(by Dustin Putman
Movies are meant to provoke an emotional response in the viewer. Without that, what good are they? "Killer Elite" tests out this theory with plenty of gunfire, all of them blanks. Allegedly based on true events but adapted from the novel "The Feather Men" by Ranulph Fiennes (how's that for an oxymoron?), the film dives head-first into a plot that might have enthralled and excited were it not for writer-director Gary McKendry's and co-writer Matt Sherring's complete botch job of the material. Who, exactly, are these characters, and why should the audience care about them when they have the depth of popsicle sticks? Why hinge an entire narrative around a man held hostage who has been improperly met and established, seen frivolously shooting up several people early on and given no back story in order to understand what his motives are or why he deserves to earn our sympathy? By working from his own junky script that can't even match the heft of a paperweight, McKendry's unfortunate first feature becomes a series of empty-headed, apathetic fight and chase scenes with nothing to hang them on. Article continues below
When a hit in Mexico proves to be too much to handle, Special Ops Agent Danny Bryce (Jason Statham) lets his feelings be known instantly: "I'm done with this," he says. "I'm finished, I can't take this anymore." A year later, however, he's called back into action when his mentor, Hunter (Robert De Niro), is captured and held hostage in the Arabian Peninsula by grief-stricken oil magnate Sheikh Amr (Rodney Afif). He wants Danny to find the assassins who killed his sons and make them pay with their lives, or else Hunter's as good as dead. "I'm done with killing," Danny tries to explain. "Well, maybe killing's not done with you," replies the string-pulling mastermind known as The Agent (Adewale Akinnuoye-Agbaje) with one of the oldest cinematic lines of dialogue in the book. As Danny's murderous mission takes him from London to Paris and back again, he is tracked by the slick, conniving Spike (Clive Owen), leader of the secret Special Air Service military society responsible for the deaths of Amr's sons.
Like an overstuffed vacation where you spend so much time running from one place to the next that you barely get to breathe in the surroundings, "Killer Elite" globe-trots in the most useless fashion possible. It's not about aesthetics, and it's certainly not about people, so the film settles on a lot of chaos and whirring bullets. Thank goodness for the opening title text, which informs the viewer right off the bat that "the world is in chaos." Point taken. Tag-teaming cinematographers Simon Duggan (2009's "Knowing") and Alain Duplantier (2010's "Point Blank") have both done accomplished work—they know their way around a camera, let's just say—but they are beaten into either submission or indifference here, their images somehow flat, bland and ugly even when what's on screen should pop. The dull look is appropriate only in the respect that it matches the humorless tone. There's no life or humanity to what happens, the characters rote and developmentally emaciated as they go through the paces.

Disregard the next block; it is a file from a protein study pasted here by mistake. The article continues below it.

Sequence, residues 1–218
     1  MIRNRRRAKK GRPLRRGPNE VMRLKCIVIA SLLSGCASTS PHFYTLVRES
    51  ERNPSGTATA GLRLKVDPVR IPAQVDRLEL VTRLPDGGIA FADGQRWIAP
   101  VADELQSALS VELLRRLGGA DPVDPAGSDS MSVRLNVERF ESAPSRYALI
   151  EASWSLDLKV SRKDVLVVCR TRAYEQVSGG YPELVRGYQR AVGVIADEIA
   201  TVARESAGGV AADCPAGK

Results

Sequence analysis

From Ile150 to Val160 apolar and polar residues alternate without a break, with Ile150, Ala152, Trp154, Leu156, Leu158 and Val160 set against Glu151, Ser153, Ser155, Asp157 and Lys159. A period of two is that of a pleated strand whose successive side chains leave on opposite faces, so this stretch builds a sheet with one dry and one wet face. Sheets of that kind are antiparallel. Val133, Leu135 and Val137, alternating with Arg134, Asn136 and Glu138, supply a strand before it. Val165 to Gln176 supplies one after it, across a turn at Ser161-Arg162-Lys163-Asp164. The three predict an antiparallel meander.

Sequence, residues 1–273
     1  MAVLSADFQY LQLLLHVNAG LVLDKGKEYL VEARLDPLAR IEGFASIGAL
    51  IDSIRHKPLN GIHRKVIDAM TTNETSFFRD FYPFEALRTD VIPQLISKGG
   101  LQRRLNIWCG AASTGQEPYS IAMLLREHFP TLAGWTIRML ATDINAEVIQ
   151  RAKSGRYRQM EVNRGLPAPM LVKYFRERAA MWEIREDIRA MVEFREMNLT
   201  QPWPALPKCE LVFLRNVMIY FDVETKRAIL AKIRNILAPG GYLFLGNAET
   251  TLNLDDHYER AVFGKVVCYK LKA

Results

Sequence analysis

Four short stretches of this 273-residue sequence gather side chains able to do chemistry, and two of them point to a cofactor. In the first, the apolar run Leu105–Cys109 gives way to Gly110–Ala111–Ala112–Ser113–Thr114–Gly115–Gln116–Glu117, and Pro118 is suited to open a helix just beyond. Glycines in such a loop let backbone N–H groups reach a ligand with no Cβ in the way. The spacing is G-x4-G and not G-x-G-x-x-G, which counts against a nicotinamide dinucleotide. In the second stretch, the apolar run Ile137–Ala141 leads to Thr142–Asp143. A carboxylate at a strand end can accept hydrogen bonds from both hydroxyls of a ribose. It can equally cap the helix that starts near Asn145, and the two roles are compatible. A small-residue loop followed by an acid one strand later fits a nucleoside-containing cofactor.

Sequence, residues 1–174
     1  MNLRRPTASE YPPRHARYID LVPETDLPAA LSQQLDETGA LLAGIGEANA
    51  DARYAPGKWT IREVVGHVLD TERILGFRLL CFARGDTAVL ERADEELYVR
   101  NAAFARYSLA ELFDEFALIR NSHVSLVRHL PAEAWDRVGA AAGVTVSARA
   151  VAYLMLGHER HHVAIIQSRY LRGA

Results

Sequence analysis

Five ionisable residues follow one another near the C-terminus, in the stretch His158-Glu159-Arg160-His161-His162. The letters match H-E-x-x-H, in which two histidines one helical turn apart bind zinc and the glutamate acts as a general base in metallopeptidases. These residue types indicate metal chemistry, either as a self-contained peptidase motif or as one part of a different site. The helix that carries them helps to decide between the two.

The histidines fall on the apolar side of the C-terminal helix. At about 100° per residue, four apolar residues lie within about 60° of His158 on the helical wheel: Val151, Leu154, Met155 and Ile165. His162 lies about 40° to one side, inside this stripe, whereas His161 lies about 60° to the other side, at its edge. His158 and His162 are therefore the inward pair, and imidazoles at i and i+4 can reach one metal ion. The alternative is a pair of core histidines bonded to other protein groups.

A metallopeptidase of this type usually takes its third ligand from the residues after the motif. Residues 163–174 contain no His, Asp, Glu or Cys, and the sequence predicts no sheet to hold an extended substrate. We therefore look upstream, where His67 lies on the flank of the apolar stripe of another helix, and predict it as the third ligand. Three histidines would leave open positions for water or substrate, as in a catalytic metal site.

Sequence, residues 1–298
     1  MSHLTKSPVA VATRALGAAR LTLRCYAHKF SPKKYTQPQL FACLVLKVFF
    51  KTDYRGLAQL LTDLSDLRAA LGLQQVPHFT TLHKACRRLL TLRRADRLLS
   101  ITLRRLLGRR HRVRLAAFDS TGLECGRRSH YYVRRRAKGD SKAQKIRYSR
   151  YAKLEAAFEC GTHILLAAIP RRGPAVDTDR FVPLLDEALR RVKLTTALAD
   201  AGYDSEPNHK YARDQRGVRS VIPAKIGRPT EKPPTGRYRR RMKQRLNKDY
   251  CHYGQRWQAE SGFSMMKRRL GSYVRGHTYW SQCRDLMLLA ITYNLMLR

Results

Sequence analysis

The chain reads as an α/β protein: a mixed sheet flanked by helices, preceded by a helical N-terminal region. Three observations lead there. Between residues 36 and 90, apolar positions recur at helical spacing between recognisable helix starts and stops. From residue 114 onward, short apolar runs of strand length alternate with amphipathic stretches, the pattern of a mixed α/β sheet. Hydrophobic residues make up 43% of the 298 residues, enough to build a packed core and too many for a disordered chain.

Judging by the immobile trajectory of his career, Jason Statham (2011's "The Mechanic") will probably never be accused of stepping outside his comfort zone. Virtually every film he's ever made has been a crime-centric drama/action/thriller, all variations on the same basic premise. He's fine at what he does, but what he does is getting mighty old, a been-there-done-that chore with each new movie he stars in. All that is learned about Statham's Danny Bryce is his desire to break free of his violent profession and settle down with Anne (Yvonne Strahovski), a piece of work herself right off the uninspired conveyor belt of throwaway love interests. Anne plays most of her scenes working blemish-free in idyllic fields while wearing cute sundresses and nagging Danny to tell her what he does for a living. Then, toward the end, with no warning or rhyme or reason, she has a change of heart and tells him, "I don't care about the past, I just care about now." Uh-huh.
As Spike, Clive Owen (2009's "The International") is given nothing of interest to do or say. What could have possibly drawn him to this direct-to-video-level fare? Helping none is his resemblance to co-star Dominic Purcell (2007's "Primeval"), a cause for occasional confusion. And then there's Robert De Niro, who has apparently turned in recent years to sullying his reputation with near-exclusive bad pictures. When he's not embarrassing himself in incompetent would-be comedies like 2010's "Little Fockers," he's gracing us with extended cameos in forgettable thrillers like 2011's "Limitless" and even worse ones like 2008's "Righteous Kill." De Niro's work this time consists of him mumbling while looking serious, pointing guns, and scurrying in and out of dank rooms while being held captive. He reportedly shot the film in ten days; it looks more like three.
"Killer Elite" is a waste of time and resources. There's a fight scene or two that hold onto their coherence, and at least one effective stinger when a character is crossing the road and, well, if you've seen other movies before you know what happens to him. That's about it for the compliments. As Danny goes about taking down his targets to save his former partner, he sneaks onto private military bases while wearing fatigues and poses as doctors in hospitals complete with nurses walking up to him for advice who don't bat an eye over having never seen him before. If the film had any sense of fun and more of these silly shenanigans to go around, maybe the project could have been overhauled and turned into the male equivalent of 2000's irreverent "Charlie's Angels." No such luck. "Killer Elite" is dour and hollow, one busted car hood away from sheer catatonia.